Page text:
Pubdate: Mon, 24 Jun 2002
Source: Decatur Daily (AL)
Copyright: 2002 The Decatur Daily
Author:  Bayne Hughes, Daily Education Writer
Bookmark: (Drug Testing)
Bookmark: (Youth)


The public had its say, so now the Decatur Board of Education is waiting on 
final authority to give the go-ahead for student drug tests.

Superintendent Larry Walters said he will not make a recommendation on a 
proposed student drug test when the Decatur Board of Education meets 
Tuesday at the central office. The school board will have a work session at 
3 p.m., followed by its regular meeting at 4.

Walters said he is waiting on a U.S. Supreme Court ruling on Tecumseh, 
Okla., school board vs. Lindsay Earls and Daniel James before he recommends 
the proposed tests. A school board cannot consider a proposal without a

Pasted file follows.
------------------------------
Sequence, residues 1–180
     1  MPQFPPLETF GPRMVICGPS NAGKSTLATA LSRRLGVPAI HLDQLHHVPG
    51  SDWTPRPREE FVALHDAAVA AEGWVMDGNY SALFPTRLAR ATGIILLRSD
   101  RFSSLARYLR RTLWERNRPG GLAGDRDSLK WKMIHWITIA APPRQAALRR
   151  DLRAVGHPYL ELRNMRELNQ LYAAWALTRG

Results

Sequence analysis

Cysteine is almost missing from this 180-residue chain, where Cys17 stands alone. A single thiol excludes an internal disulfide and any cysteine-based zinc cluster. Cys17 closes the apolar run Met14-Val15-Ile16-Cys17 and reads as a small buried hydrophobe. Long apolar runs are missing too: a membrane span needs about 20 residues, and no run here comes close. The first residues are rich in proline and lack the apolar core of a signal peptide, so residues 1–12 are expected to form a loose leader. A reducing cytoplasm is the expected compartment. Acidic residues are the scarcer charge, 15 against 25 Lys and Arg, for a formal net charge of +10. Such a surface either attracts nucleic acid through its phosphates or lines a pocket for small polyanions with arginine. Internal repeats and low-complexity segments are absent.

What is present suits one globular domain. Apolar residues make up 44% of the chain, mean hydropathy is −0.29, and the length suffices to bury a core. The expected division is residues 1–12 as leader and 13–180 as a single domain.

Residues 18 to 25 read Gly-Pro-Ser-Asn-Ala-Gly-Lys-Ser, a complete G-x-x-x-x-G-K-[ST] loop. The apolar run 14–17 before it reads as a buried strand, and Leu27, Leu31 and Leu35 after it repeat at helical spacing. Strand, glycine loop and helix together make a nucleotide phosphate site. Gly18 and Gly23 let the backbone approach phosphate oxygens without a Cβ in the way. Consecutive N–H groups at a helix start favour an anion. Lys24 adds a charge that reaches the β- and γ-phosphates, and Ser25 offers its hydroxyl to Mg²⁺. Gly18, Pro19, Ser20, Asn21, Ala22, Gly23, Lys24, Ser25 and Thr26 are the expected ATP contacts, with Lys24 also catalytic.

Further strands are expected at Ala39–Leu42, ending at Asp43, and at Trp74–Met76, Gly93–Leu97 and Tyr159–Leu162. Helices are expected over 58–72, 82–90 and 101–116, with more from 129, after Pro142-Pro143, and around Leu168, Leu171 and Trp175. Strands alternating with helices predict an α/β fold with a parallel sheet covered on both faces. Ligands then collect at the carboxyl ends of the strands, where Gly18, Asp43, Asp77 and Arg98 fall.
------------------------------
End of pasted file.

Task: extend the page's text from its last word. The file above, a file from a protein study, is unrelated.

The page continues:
superintendent's recommendation.

The nation's high court heard oral arguments in the Oklahoma case March 19, 
but has not issued a ruling. It could be late July before a decision is 
announced. Meanwhile, Walters is studying the proposals of a committee of 
school administrators, faculty and citizens, including cost and a timetable 
for implementation. He is also looking at ways to fund the plan.

The committee's proposal projected the test costs to be approximately 
$20,000. The proposal did not, however, include costs associated with 
hiring a physician as a medical review doctor and administrative costs.

Walters said the school system could implement the program, if approved, 
for the 2002-03 school year. Tests could start in October. But if the 
decision is not announced in July, implementation could be delayed until 
January, or even to the 2003-04 school year.

The Oklahoma case focuses on random drug tests of students involved in 
after-school activities ranging from band to chess club. The suit alleges 
that portions of Tecumseh's policy violate students' rights to be free from 
unreasonable searches.
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